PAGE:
Austinites complained to 311 about people – and businesses – violating the city's and county's stay-at-home orders more than 3,400 times since they were issued in March, according to recently released data from the city.
Of those thousands of complaints, two ended in someone getting a ticket – both of which were for not properly social distancing at a construction site.
Of course, that was a central conceit when the orders were issued: Austin-area authorities wouldn't be ticketing people or throwing them in jail for being out during the pandemic. The Austin Police Department even issued guidelines advising officers to rely on "voluntary compliance" to enforce the orders in early April, telling them, more or less, to educate and not incarcerate people. And the Code Department, not police, has been handling complaints coming in from 311.
From March 17 through May 12, the department fielded 3,425 calls and online submissions about folks violating the order, according to the data.
Most of the complaints centered around social distancing, or a lack thereof.
Nearly 7 in 10 of all complaints were because people were too close to one another:
- 68% of complaints were for social distancing
- 22% of complaints were for over occupancy
- 4% of complaints were about nonessential business operation
- 3% of complaints were for people not wearing facial coverings
- 1% of complaints were related to evictions
- 1% of complaints were classified as "other"
- 1% of complaints were related to sanitation or hygiene
As for the types of businesses accused of violating the orders, a lot are within the amorphous "other" category, which can include everything from people hanging out in a parking lot to a bar operating when it shouldn't to people not wearing facial coverings in a grocery store.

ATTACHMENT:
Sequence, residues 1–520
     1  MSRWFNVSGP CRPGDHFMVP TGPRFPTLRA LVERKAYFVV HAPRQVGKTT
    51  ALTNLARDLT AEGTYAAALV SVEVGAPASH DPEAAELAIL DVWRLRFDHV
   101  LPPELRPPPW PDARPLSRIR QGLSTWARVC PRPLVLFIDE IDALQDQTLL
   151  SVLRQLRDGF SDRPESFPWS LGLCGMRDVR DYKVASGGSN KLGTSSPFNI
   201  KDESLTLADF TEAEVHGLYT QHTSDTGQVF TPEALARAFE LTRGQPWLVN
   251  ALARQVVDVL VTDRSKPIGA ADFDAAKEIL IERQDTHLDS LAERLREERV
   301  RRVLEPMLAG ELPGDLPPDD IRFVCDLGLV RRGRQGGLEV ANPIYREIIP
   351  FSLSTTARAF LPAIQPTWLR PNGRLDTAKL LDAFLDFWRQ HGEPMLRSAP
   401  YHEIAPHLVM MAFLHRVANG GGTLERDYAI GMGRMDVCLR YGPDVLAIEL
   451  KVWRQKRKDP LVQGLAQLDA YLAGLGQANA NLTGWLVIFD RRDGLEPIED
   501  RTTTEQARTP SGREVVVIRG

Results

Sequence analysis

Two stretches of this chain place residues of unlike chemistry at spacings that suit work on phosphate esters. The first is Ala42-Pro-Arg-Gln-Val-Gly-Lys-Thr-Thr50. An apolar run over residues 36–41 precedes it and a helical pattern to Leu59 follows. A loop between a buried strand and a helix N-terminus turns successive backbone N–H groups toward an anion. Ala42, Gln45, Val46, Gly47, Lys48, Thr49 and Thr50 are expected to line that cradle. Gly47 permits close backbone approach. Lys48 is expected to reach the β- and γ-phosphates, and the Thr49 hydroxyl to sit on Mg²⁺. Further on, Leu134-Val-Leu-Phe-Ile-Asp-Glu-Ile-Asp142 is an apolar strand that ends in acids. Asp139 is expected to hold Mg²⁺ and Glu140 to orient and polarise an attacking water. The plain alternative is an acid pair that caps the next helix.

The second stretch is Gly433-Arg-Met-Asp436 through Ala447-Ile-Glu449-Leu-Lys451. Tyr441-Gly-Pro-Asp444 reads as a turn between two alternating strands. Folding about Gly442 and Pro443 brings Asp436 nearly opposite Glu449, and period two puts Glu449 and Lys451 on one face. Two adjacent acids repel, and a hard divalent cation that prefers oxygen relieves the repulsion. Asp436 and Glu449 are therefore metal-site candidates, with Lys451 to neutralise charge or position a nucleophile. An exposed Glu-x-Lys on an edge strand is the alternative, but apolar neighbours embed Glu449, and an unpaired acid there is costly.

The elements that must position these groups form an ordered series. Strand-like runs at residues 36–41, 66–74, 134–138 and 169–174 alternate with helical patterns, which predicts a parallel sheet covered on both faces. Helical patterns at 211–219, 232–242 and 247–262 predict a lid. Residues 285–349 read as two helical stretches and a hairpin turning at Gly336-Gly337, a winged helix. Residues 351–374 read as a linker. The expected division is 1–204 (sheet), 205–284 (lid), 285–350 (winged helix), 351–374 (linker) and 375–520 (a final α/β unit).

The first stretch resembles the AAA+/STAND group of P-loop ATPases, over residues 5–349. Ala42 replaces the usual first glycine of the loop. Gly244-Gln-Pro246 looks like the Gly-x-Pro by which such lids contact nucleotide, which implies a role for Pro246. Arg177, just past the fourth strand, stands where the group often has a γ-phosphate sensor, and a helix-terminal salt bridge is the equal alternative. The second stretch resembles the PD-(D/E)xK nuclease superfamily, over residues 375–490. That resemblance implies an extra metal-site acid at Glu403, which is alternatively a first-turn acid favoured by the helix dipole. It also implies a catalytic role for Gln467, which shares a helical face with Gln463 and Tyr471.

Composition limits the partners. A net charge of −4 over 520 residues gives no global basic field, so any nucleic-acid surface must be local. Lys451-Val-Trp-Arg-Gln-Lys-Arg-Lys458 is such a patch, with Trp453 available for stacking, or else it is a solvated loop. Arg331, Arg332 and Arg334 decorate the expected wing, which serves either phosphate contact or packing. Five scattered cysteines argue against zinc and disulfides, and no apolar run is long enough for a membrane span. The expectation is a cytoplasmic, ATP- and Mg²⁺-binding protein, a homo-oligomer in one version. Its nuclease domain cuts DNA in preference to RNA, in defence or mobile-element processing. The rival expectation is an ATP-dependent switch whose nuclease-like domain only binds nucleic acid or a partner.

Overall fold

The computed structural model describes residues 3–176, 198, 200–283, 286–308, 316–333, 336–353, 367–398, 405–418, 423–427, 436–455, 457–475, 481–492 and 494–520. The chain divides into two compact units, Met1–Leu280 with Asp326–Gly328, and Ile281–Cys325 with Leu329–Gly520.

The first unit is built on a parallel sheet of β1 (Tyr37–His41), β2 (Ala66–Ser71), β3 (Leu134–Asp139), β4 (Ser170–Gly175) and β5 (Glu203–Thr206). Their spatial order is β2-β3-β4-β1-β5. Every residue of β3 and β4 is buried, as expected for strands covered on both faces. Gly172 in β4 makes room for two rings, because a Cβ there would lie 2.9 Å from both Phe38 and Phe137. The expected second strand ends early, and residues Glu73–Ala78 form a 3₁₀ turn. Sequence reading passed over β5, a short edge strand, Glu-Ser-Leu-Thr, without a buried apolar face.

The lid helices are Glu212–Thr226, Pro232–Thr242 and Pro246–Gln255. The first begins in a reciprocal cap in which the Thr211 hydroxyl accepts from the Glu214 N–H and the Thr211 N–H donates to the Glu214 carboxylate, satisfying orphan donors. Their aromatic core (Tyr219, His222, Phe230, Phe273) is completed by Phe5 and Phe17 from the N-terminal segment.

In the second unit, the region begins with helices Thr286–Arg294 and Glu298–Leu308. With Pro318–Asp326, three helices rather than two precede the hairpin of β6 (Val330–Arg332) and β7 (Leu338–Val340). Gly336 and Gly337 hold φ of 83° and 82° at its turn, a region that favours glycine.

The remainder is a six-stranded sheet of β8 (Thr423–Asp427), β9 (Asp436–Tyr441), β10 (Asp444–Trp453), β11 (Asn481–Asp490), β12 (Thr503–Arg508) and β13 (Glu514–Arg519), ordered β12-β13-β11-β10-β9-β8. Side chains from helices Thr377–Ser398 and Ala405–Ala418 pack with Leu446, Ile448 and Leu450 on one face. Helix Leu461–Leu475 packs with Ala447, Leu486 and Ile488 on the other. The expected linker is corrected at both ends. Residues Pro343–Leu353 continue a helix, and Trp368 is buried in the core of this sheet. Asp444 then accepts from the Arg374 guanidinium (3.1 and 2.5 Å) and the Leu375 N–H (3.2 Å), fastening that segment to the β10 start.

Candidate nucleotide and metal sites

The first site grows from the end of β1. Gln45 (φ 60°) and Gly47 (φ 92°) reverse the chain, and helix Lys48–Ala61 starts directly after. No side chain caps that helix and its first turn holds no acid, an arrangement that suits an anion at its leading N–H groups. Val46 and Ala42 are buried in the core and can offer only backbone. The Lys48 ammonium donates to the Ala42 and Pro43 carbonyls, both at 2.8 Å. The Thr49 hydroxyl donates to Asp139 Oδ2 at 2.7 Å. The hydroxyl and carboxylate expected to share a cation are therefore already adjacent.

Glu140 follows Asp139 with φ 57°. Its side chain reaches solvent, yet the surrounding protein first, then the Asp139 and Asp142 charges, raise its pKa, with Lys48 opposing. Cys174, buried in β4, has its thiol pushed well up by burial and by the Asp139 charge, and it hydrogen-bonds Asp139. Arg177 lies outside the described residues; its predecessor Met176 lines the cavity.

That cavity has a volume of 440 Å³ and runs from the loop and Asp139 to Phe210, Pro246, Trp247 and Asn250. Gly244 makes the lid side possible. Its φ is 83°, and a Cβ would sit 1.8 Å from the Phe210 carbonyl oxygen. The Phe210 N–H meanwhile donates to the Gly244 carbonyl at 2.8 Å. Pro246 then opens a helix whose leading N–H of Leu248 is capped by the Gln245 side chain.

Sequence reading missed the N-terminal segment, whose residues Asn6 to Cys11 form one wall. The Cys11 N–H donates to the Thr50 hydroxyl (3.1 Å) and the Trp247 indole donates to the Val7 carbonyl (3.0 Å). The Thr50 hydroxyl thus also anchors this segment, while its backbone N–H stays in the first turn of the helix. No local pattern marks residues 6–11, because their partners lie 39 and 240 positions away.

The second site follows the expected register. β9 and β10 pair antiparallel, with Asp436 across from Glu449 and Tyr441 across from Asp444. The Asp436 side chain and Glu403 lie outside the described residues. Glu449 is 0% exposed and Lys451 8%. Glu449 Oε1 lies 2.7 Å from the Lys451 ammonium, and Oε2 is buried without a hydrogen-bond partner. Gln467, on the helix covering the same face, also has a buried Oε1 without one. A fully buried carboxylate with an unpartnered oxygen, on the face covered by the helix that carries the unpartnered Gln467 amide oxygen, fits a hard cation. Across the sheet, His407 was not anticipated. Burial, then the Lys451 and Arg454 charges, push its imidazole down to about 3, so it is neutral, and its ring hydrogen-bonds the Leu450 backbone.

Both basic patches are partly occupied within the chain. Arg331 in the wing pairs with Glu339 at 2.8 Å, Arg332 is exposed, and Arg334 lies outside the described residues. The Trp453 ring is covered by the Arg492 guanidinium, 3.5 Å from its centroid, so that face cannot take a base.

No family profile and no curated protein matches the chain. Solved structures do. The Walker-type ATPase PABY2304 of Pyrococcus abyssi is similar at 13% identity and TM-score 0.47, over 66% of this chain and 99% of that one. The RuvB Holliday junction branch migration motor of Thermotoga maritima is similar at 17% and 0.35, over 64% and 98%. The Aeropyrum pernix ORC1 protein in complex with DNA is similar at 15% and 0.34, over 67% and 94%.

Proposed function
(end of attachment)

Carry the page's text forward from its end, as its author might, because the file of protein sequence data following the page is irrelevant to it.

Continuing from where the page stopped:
A little more than a third of complaints are labeled as such, but another third of complaints were leveled at residential properties – most often regarding people congregating despite the orders.
Complaints about activity at parks, construction sites, restaurants, school and churches were well behind:
- 35% of complaints were classified as "other"
- 33% of complaints stemmed from violations at residences
- 15% of complaints stemmed from violations at parks
- 7% of complaints stemmed from construction activity
- 5% of complaints stemmed from restaurants
- 3% of complaints stemmed from activity at schools
- 1% of complaints stemmed from activity at churches
All in all, the complaints were pretty equitably dispersed, though about a third came from the more centrally located districts, District 1 and 3. Complaints from Districts 1, 7, 4 and 5 all hovered around the 9-10% range:
- 18% of complaints came from District 9
- 13% of complaints came from District 3
- 10% of complaints came from District 1
- 10% of complaints came from District 7
- 9% of complaints came from District 4
- 9% of complaints came from District 5
- 8% of complaints didn't identify a district
- 7% of complaints came from District 2
- 6% of complaints came from District 10
- 5% of complaints came from District 8
- 5% of complaints came from District 6
Well, not much.
Seven out of 10 complaints resulted in no evidence and code officials didn't inspect. The majority of the complaints, 22% of them, resulted in someone from the Code Department providing COVID-19 education.
The only two citations came after the Code Department received a complaint from the city's Development Services Department, which also submitted 47 other complaints. (All told, 192 additional construction-related complaints from residents were also fielded by 311.)
Code enforcement officials inspected the two sites – one at Aldrich Street near the Mueller development and another on South Congress Avenue across the street from the Texas School for the Deaf – and issued citations.
Their report suggests workers on-site weren't socially distancing or wearing facial coverings. Inspectors also found on-site bathrooms weren't appropriately spaced.
Spread of COVID-19 at construction sites has been a particular concern for city and county officials, though it's hard to pinpoint clusters because contractors and subcontractors move freely to different sites. On top of that, workers say they can't afford to forego a paycheck and some undocumented workers may fear receiving COVID-19-related health care may mean divulging their immigration status, which Austin Public Health insists is not the case.